Waiting in the Wings

While some question the selection process for the Loeb Mainstage, more wonder why there isn't another campus theater like it

Although he can't be sure--because the HRDC board does not make their deliberations known--Ruiz says he thinks his show was rejected because of his grandiose plans.

He planned to perform the 40-character show with about 18 to 20 cast members and an elaborate set.

Ruiz says it might have been a financial stretch to fund the production considering his vision, and "the producers seemed close, but we estimated that we could do it."

Ruiz said the HRDC board has replied well to criticism in the past, but he wondered if the selection process sometimes came down to reputations--the board's perceptions of "how easy or how difficult people on the staff are to work with."

"There's eight people deciding the two biggest shows for all of Harvard theater," Ruiz says. "No one else gets a say. There's a possibility of [the board] not being representative."


Daphne D. Adler '99, the co-director of last month's "Perpetual Motion," the first dance show to be granted the Mainstage by HRDC in recent memory, says she does not criticize the individual HRDC board members, but the selection process itself.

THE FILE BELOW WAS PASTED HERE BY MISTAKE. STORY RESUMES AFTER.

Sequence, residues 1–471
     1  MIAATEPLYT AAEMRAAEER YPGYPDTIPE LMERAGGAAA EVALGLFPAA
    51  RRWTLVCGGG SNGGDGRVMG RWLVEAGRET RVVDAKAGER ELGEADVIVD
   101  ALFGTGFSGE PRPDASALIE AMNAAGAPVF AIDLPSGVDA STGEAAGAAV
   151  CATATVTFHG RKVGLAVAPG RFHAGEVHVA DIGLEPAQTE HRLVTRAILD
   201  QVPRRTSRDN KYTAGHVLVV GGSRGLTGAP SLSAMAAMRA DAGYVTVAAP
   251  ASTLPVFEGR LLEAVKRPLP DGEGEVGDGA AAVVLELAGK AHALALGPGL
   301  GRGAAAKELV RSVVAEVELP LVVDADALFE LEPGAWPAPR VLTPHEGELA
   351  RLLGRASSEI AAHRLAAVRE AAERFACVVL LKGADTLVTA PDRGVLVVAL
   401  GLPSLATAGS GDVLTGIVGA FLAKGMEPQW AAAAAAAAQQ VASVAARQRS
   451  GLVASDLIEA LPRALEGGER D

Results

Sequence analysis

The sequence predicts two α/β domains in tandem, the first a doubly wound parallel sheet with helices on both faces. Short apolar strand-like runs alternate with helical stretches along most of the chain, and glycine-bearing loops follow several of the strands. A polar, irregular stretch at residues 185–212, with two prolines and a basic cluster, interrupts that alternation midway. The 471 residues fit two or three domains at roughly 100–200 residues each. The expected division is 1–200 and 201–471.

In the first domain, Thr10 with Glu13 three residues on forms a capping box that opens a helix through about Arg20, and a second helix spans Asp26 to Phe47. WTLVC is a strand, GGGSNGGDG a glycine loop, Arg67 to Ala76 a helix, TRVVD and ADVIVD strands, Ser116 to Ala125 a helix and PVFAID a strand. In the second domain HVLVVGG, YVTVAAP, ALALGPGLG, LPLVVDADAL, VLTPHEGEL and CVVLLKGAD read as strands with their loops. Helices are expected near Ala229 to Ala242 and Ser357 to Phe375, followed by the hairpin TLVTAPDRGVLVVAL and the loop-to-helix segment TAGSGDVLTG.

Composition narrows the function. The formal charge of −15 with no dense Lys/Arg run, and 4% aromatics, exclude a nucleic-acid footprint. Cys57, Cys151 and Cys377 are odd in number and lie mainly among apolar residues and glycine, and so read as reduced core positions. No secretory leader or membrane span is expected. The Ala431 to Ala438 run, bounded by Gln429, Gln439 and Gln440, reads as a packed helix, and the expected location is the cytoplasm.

"They were very generous to give us the space, and we're so grateful," Alder says. But they are not at all qualified to evaluate the quality of a dance production."

The Plot Thickens

There are plans to change all that. The shows that HRDC chooses for the Mainstage are supposed to be approved by the Standing Committee on Dramatics, newly-chaired by Robert

J. Kiely '60, master of Adams House and Loker professor of English.

Currently, that happens in theory alone.

Kiely has been a member of the committee for roughly 10 years and doesn't remember the group ever rejecting an HRDC decision; the committee simply "rubber stamps" the board's choices, Kiely says.

This year, he received an e-mail message informing him of the two shows the board chose.

"It would be a better system if more people were involved," Kiely says. "The more expertise, the fairer the process."

As the committee's new chair, Kiely says he wants to change the way the system has been operating, better integrating his Faculty team into the process, discussing choices with the HRDC board and dispensing some advice.

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